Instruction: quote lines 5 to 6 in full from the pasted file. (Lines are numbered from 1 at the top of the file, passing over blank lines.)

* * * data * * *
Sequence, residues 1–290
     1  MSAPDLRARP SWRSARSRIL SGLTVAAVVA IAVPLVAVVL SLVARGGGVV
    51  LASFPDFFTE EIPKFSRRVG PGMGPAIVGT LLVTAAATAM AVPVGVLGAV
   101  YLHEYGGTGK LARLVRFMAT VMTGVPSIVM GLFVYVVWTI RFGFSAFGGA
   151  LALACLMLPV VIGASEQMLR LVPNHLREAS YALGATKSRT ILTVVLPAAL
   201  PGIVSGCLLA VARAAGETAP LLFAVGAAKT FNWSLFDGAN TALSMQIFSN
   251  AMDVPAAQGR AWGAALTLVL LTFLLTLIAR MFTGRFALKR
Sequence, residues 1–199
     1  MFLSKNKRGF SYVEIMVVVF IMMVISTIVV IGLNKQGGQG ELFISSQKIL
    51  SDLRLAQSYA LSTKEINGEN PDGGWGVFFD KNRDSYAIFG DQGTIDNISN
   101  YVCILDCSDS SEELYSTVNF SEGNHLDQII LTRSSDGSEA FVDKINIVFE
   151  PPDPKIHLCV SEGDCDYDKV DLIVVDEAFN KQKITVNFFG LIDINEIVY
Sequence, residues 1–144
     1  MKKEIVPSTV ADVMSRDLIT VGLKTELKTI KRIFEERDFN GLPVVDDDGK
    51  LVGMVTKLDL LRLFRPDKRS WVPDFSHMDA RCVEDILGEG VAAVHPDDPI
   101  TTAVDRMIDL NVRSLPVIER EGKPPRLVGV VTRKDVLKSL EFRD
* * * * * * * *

   151  LALACLMLPV VIGASEQMLR LVPNHLREAS YALGATKSRT ILTVVLPAAL
   201  PGIVSGCLLA VARAAGETAP LLFAVGAAKT FNWSLFDGAN TALSMQIFSN